The People VS Joshua Pent – Animosity

This entry is part 10 of 14 in the series Equanimity

Where is she?

Steven flicked his cigarette, causing the ash that had accumulated at its tip to fall down to the ground. He then brought it back to his mouth and inhaled, the blue-grey smoke of the cancer stick filling his lungs. He kept the breath in for a while, giving time for a heavy dose of nicotine to fill his blood, and then slowly let the smoke filled air escape his lungs.

The rush felt good, and the light buzz doubly so. For those few seconds Steven had experienced bliss, though it wasn’t long before the feeling was gone, and he was thinking about Helen again.

Could it be she’s learnt of my phone call with the prosecution? Is it possible they called her up to confirm our new arrangement?

He was standing outside the Jean & Jean Rehabilitation Centre, the place where his client Joshua had spent nearly a year of his life.  He’d spent a few minutes inside sitting in the waiting room, but Helen’s tardiness and the stale and antiseptic feeling of the place made Steven feel uncomfortable, and so he decided to wait outside.

Helen’s absence from the centre seemed a bit off.  It was, after all, her idea to come by and visit this place.

“It will help us understand what exactly he went through for a year while he put the pieces back together,” she’d said.

Helen had paused after giving her explanation, as though she expected Steven to rebut her idea. When it became apparent that Steven had no intention of giving an opinion on the matter, she added: “Also, it will give us a chance to meet his doctor.”

They’d scheduled to meet at the centre at 2pm, with the goal of first walking around and touring the facility, followed by an interview with Joshua’s doctor. It was now almost 3pm, and Helen still hadn’t shown up. Steven had tried calling her cell phone, leaving her a voicemail, even sending her a text, but there was no response.

What if she had been contacted by the prosecutors?  If she found out…

Steven tried to regain his composure by taking another long drag from his now almost finished cigarette. As he inhaled, he couldn’t help but notice his hand was shaking.

If she found out, he would be disgraced. Not only that, but he would definitively be fired, and probably even disbarred. But what were his options? If he sat by and did nothing, if they pursued the not-guilty plea as Helen was so keen on doing, then they would most certainly lose the case.

No. Steven couldn’t lose a case. Not so early in his career.

He took a final puff of his cigarette and threw it to the ground, stepping on it with his left foot. He pulled out his phone and tried Helen once more. As the call rang against his ear, a security guard walked up to him.

“Excuse me sir,” the guard started, “can I help you with something?”

Steven hung up the call – that had been again sent to voicemail – and smiled back.

“What, eh, no, I’m ok thanks,” Steven produced as a response.

“This is private property, I’m going to have to ask that you pick up your cigarette and continue on your way,” the guard said.

“My what?”

The guard pointed down at the flattened cigarette filter.

“Oh, sorry,” Steven said as he bent down and picked up his litter. “There, all gone.”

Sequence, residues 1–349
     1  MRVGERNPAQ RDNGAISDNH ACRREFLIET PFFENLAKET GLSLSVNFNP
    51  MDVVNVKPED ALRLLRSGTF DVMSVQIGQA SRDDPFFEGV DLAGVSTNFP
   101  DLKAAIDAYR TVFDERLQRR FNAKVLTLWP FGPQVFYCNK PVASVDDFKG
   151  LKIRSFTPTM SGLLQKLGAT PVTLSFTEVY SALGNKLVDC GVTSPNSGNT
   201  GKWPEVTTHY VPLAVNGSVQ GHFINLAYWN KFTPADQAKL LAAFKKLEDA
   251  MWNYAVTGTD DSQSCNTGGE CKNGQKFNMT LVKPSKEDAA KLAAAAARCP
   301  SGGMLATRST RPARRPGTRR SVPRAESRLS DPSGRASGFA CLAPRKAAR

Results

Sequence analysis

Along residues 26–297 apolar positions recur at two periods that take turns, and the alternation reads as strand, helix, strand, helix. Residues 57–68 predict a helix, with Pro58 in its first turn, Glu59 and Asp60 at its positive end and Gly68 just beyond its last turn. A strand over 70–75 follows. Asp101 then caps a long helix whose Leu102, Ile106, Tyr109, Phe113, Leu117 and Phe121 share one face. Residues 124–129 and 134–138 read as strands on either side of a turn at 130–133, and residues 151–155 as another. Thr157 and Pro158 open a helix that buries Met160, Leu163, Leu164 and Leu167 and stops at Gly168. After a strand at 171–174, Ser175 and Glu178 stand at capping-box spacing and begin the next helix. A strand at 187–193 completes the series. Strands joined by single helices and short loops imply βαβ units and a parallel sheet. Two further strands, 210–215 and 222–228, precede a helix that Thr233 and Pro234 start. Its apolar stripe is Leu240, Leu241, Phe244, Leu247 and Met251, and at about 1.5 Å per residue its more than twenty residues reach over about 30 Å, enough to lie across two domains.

The guard’s eyes remained fixed on the lawyer.

“Do you have any business here today sir?” he asked

“Yes, yes in fact I’m here to meet Dr. Lubb.” Then reaching out to shake the guard’s hand: “Steven Lee, I’m the defense attorney for that whacko nutjob who shot up the church on 3rd a couple of weeks back.”

The guard remained still as Steven shot his arm back to his side.

“Not big on handshakes?” Steven said with half a chuckle.

The guard stared for a while longer. Finally, he said: “You mean Joshua Pent?”

“Huh?” Steven answered

“You mean ‘you’re the defense attorney for Joshua Pent’?”

“Yea, I have an appointment with his doctor. I’m just waiting for my partner.”

“We’ll,” the guard spoke slowly, “this facility is non-smoking, mister defense lawyer, sir.”

Steven stood perplexed.  Had the guard just called him ‘mister defense lawyer, sir’?

“Maybe you’d like to check our reception area,” the guard continued. “It has a nice waiting room where I’m sure you can sit and wait for that partner for yours.”

Steven turned to where the guard was pointing, a windowed area of the building with a large steel door and a sign that read “Reception”.  He didn’t want to go back in there, but he also didn’t want any trouble.

“Alright, well thank you for the help,” Steven replied, adding under his breath: “mister security guard sir.”

Before he could walk away, the guard grabbed his arm and pulled him back, whispering in his ear: “For the record: Josh isn’t a whacko nutjob. I saw that kid go through hell and back over a period of a year, and in spite of any problems he may still have – and he definitely still has problems – he’s no murderer. You’d be best to remember that before you start doing like everyone else around here and assuming the worst of him.”

On any other day Steven would have shouted, spat, or even punched the man that now held his sleeve. Today, however, was different. The voice in the back of his head knew the guard was right, knew how everyone had assumed the worst right away, and knew that, as the man’s defense lawyer, he had not been doing his job well.

He nodded slowly without saying a word, and began walking to the reception area, trying to contain his trembling.  He felt the guard stare at him from behind, and for the first time since he had started working on the case, felt guilt at how he had behaved, and the kind of person he had become.

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